Over the last couple of weeks, I’ve been writing about how to conquer some of your communication challenges. Another challenge many nonprofit organizations face is coming up with engaging content on a regular basis.
Do you find yourself saying any of the following?
We’re having trouble getting organized
Your biggest ally here is an editorial calendar. How to Create an Editorial Calendar You can do one for the year, but also break it down into smaller components. This doesn’t need to take a lot of time, and it’s a huge time-saver overall. Each month figure out what you will include in your newsletter. Every week decide how you are going to connect with your supporters. Spend 15-20 minutes a day looking for content you can share on social media.
Your editorial calendar will include time-sensitive content, such as events or that April is national volunteer month, as well as evergreen content – stories you can use at any time.
We don’t know what to write about
Your content should focus on how you are making a difference for the people/community you serve. You have good stories to tell. Work with your program staff to create a story bank to use for your annual appeal, website, newsletter, etc. You can also include profiles of clients, donors, board members, volunteers, and staff.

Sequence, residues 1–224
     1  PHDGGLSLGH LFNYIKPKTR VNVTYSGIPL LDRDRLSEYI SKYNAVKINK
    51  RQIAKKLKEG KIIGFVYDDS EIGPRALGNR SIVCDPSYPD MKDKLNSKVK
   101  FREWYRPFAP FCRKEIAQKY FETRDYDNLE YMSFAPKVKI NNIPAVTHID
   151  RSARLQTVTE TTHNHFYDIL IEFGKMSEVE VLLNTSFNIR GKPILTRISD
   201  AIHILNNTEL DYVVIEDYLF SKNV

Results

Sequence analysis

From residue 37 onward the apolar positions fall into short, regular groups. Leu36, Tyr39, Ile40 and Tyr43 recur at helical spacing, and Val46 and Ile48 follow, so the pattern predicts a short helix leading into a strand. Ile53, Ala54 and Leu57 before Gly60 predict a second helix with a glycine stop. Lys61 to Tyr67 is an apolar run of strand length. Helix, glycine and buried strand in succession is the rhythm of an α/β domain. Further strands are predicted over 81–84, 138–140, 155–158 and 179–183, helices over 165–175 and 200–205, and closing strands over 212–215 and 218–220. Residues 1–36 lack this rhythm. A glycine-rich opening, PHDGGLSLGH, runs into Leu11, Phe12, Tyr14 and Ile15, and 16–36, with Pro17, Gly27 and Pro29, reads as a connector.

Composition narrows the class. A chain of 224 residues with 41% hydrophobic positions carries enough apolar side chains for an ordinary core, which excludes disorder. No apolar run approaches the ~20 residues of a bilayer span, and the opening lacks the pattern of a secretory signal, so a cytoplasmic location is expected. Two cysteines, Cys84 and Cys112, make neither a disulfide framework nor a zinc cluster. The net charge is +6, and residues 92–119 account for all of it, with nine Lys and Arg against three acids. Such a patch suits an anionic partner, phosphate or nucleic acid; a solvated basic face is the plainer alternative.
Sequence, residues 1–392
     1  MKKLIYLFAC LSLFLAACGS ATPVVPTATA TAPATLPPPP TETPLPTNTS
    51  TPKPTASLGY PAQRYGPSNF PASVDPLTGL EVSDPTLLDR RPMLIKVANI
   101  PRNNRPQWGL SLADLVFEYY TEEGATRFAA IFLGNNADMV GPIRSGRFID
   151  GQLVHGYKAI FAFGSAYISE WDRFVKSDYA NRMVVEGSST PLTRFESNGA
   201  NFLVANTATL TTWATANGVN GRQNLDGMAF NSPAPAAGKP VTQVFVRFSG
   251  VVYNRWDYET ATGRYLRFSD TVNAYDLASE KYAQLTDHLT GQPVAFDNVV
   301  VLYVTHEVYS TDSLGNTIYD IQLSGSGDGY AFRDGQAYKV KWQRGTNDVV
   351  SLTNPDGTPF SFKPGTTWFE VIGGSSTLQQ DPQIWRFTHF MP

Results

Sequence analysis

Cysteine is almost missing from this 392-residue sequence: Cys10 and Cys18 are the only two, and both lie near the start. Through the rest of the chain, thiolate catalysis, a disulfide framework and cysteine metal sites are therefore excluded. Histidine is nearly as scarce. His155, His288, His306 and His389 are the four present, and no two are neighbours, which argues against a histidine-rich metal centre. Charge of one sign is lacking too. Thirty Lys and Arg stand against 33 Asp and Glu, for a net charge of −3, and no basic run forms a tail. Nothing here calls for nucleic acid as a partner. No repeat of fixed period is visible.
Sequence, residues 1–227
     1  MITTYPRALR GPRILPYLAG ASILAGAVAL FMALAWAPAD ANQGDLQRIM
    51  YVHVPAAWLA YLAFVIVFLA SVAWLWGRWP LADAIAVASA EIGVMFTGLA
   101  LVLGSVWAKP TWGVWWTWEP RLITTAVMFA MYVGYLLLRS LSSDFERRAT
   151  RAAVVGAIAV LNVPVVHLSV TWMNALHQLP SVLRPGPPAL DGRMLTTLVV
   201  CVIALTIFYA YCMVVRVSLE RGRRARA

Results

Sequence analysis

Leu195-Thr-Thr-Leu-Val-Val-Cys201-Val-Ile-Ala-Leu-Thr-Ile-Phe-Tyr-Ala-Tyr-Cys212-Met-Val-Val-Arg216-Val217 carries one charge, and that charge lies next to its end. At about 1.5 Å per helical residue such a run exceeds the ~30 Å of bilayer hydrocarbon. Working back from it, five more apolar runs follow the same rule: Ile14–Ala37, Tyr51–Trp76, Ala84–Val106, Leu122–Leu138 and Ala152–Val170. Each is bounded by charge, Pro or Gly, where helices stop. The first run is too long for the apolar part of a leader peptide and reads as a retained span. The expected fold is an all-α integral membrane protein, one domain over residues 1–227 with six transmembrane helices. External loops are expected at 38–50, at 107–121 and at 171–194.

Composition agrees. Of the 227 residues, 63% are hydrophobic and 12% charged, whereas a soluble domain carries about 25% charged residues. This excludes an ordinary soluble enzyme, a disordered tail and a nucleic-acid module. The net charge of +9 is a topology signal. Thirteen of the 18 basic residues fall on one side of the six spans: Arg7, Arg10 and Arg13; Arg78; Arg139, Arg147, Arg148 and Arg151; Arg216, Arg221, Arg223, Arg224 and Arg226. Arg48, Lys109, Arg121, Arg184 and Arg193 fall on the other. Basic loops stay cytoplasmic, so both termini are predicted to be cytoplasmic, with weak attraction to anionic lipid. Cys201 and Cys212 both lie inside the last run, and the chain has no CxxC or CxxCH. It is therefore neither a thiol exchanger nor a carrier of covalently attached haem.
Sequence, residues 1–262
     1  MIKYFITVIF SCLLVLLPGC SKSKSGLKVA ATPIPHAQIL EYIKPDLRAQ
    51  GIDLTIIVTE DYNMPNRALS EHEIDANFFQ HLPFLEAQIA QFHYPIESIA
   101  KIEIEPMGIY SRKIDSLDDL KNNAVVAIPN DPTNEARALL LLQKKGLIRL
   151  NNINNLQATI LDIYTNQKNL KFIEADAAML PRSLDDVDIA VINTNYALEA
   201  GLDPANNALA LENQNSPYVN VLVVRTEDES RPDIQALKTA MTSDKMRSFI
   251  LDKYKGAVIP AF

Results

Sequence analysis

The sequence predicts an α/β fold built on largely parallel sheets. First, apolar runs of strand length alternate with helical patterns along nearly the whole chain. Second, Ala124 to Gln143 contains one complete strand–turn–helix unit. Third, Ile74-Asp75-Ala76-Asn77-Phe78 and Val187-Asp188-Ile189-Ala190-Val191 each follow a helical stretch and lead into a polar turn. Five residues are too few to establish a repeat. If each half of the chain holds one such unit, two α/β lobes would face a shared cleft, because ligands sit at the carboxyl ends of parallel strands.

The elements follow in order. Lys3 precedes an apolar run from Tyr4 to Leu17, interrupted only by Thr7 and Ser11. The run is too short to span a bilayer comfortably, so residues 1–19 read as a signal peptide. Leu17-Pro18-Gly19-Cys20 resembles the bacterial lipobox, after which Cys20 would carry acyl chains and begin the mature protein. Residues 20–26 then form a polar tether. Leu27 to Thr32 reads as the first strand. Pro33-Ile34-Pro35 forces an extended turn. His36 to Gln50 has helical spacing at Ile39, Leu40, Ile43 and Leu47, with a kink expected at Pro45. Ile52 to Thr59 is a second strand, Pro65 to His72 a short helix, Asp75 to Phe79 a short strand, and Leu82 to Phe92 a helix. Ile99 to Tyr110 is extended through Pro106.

Don’t forget to thank your donors in your newsletter and other updates. Avoid stories that are more focused on your organization, such as obtaining new computers for your staff, unless you can tie that back to your mission.
Here is more information on creating stories.
Use measurement and analytics to see what types of content hit home with your supporters. Most likely it will be success stories that emphasize how they are helping you make a difference.
We don’t a lot of time to do this
I covered time constraints in my last post, and this is a challenge for many organizations.
Nonprofits do need to communicate often with their supporters. Try to reach out once a week. If that’s impossible, aim for every other week. It’s not as daunting as you may think. Planning and strategy always helps.
Some consistency is good for your newsletter. Use a template that you can fill in each month. Maybe you will always include a success story or a profile. Also, keep in mind that your newsletter only needs a few articles.
Your supporters are busy and will appreciate short messages. In addition to your monthly newsletter, you can reach out with a brief update, advocacy alert, or one-question survey. Another way to connect is to share the outcome of your advocacy alert or the results from your survey.
Use the same content in different channels. For example include links to your newsletter, as well as updates, advocacy alerts, and surveys on Facebook and Twitter.
Another good way to engage is to post a photo of your program in action on social media. A great photo can tell a story in an instant.
I hope this helps you conquer the some of the challenges of creating engaging content. How do you handle this challenge?